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Transcript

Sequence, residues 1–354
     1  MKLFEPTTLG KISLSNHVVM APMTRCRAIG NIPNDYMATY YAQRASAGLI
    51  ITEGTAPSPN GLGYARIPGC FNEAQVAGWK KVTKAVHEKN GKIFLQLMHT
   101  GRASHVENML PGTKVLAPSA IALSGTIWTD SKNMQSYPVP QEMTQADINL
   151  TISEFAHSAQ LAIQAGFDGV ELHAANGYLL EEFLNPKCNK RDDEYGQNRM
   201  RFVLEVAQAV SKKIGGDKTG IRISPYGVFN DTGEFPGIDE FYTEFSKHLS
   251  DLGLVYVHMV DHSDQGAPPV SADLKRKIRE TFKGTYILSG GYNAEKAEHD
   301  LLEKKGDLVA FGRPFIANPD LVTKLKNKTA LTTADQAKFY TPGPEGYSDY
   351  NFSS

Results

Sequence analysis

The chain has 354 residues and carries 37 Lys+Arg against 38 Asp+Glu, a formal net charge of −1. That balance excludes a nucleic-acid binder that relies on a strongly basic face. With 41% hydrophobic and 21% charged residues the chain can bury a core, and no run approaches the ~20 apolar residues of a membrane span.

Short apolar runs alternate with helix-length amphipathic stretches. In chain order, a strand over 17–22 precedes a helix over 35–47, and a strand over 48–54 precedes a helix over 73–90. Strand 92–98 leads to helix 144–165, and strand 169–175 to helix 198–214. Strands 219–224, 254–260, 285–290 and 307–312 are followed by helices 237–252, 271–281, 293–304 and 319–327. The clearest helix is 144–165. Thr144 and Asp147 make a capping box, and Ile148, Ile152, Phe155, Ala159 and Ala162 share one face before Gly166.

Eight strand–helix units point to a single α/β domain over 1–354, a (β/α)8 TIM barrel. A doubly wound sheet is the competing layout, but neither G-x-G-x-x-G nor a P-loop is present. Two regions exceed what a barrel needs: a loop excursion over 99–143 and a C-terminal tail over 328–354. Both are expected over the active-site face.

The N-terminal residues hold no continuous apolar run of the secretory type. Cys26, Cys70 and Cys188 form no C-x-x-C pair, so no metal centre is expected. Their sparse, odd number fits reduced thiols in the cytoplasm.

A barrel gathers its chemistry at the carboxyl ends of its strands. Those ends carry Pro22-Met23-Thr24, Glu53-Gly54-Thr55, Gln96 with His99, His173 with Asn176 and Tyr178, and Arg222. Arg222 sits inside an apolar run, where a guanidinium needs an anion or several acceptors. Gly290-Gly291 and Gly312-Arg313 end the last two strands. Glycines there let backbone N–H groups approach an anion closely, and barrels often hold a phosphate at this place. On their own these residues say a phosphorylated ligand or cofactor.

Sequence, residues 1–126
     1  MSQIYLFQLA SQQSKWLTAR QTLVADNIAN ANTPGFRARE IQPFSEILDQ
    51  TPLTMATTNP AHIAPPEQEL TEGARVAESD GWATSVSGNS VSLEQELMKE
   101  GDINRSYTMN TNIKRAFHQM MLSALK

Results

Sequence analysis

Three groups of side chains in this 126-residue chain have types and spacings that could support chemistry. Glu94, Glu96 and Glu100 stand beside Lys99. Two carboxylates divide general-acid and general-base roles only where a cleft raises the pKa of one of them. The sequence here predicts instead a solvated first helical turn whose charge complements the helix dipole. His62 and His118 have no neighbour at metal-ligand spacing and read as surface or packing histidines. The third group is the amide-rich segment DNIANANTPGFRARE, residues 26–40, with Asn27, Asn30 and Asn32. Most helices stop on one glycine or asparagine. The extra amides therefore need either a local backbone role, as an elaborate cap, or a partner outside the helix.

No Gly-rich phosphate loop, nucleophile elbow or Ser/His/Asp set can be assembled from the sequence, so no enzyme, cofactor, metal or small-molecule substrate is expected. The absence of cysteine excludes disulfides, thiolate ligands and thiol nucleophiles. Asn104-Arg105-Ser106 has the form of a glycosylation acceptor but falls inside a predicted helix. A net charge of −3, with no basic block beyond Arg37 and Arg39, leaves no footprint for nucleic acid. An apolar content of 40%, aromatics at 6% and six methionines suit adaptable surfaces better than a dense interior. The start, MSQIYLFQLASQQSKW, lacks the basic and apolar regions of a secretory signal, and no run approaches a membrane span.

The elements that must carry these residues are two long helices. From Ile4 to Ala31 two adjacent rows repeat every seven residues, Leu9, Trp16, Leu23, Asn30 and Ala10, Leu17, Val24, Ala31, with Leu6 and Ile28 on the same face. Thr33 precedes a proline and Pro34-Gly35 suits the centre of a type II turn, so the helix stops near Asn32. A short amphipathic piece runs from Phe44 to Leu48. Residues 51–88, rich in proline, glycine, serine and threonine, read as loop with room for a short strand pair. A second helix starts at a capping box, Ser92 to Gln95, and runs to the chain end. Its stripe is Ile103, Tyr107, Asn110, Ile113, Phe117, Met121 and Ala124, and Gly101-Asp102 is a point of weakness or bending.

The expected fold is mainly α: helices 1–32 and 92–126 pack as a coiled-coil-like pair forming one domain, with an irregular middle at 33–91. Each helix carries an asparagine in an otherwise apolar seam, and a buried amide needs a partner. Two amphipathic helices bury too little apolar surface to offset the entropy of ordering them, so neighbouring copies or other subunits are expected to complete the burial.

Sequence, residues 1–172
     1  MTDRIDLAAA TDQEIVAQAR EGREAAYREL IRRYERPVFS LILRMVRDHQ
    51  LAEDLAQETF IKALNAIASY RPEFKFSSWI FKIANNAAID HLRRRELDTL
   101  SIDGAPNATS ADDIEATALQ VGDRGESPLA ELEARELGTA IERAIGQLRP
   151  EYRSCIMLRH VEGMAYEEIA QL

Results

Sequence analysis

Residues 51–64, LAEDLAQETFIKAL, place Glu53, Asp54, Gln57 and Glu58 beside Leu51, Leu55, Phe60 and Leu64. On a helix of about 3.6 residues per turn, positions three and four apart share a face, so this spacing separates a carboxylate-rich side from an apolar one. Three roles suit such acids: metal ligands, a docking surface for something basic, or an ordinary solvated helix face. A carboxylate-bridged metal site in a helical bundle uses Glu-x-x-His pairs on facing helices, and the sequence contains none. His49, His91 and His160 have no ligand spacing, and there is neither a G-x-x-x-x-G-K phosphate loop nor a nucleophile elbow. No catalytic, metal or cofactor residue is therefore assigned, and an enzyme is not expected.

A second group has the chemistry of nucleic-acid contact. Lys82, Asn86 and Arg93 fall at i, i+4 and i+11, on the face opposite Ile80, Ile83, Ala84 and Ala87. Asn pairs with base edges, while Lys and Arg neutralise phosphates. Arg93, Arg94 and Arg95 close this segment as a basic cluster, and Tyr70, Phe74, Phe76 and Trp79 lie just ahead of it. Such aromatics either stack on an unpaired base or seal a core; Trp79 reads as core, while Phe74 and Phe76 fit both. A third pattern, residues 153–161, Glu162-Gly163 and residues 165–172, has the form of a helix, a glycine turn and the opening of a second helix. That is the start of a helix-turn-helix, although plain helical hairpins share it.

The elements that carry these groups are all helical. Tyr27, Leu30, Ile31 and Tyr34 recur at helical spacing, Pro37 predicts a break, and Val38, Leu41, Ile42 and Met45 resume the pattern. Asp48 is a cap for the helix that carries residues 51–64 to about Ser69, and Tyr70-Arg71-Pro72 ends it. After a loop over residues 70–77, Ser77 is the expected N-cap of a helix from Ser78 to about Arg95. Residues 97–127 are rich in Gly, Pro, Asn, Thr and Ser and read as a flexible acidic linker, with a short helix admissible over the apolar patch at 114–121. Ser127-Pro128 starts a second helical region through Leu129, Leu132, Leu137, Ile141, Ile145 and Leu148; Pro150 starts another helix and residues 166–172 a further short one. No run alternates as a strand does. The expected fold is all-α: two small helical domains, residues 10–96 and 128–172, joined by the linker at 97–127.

Today’s agenda: Resistors in Series and Parallel. You must be able to calculate currents and voltages in circuit components in series and in parallel. Kirchoff’s Rules. You must be able to use Kirchoff’s Rules to calculate currents and voltages in circuit components that are not simply in series or in parallel. Kirchhoff’s Rules No, it is pronounced “KEERKOFF’s” rules. The ch sounds like “k,” not like “ch.” (depending on regional accents) Analyze this circuit for me, please. Find the currents I1, I2, and I3. h 30 I1 I3 40 a 1 2 = 45 V c b d 20 I2 1 = 85 V 1 g f e I see two sets of resistors in series. This. And this. You know how to analyze those. Further analysis is difficult. For example, series1 seems to be in parallel with the 30 resistor, but what about 2? We haven’t discussed how to analyze that combination. h 30 I1 I3 40 a 1 2 = 45 V c b series1 I2 1 = 85 V 1 g f series2 e d 20 A new technique is needed to analyze this, and far more complex circuits. Kirchhoff’s Rules Kirchhoff’s Junction Rule: at any junction point, the sum of all currents entering the junction must equal the sum of all currents leaving the junction. Also called Kirchhoff’s First Rule.* Kirchhoff’s Loop Rule: the sum of the changes of potential around any closed path of a circuit must be zero. Also called Kirchhoff’s Second Rule.** *This is just conservation of charge: charge in = charge out. **This is just conservation of energy: a charge ending up where it started out neither gains nor loses energy (Ei = Ef ). Kirchhoff’s Rules Starting Equations I = 0 V =0 at any junction around any closed loop You already used this in your homework! simple… but there are details to worry about… If this were Physics 1135, you would have a Kirchhoff’s Rules litany. You have my permission to print this page and use it for tomorrow’s boardwork. Brief litany for Kirchhoff’s Rules Problems 1. Draw the circuit. 2. Label + and – for each battery. 3. Label the current in each branch of the circuit with a symbol and an arrow (OK to guess direction). 4. Apply Kirchhoff’s Junction Rule at each junction. Current in is +. 5. Apply Kirchhoff’s Loop Rule for as many loops as necessary. Follow each loop in one direction only. + 5a. Resistor: I 5b. Battery: V is + V is loop loop 6. Solve. h 30 I1 I3 40 a 1 2 = 45 V c b dd 20 I2 1 = 85 V g 1 f e Back to our circuit: we have 3 unknowns (I1, I2, and I3), so we will need 3 equations. We begin with the junctions. Junction a: I3 – I1 – I 2 = 0 Junction d: -I3 + I1 + I2 = 0 --eq. 1 Junction d gave no new information, so we still need two more equations. h 30 I1 I3 40 a 1 2 = 45 V c b d 20 I2 1 = 85 V g There are three loops. 1 e f Loop 1. Loop 2. Loop 3. Any two loops will produce independent equations. Using the third loop will provide no new information. h 30 I1 I3 40 a 1 2 = 45 V c b d 20 I2 1 = 85 V g 1 e f The “green” loop (a-h-d-c-b-a): (- 30 I1) + (+45) + (-1 I3) + (- 40 I3) = 0 I V is loop +- V is + loop h 30 I1 I3 40 a 1 2 = 45 V c b d 20 I2 1 = 85 V g 1 e f The “blue” loop (a-b-c-d-e-f-g): (+ 40 I3) + ( +1 I3) + (-45) + (+20 I2) + (+1 I2) + (-85) = 0 I V is loop +- V is + loop After combining terms and simplifying, we now have three equations, three unknowns; the rest is “just algebra.” Junction a: I3 – I1 – I 2 = 0 --eq. 1 The “green” loop - 30 I1 + 45 - 41 I3 = 0 --eq. 2 The “blue” loop 41 I3 -130 + 21 I2 = 0 --eq. 3 skip the algebra! Make sure to use voltages in V and resistances in . Then currents will be in A. You can see the solution in part 7 of today’s lecture notes (which will not be presented in class). It’s a pain. Generally, with the homework problems, you can easily solve directly for one variable, leaving you with two equations and two unknowns. Don’t forget… eat your oreos!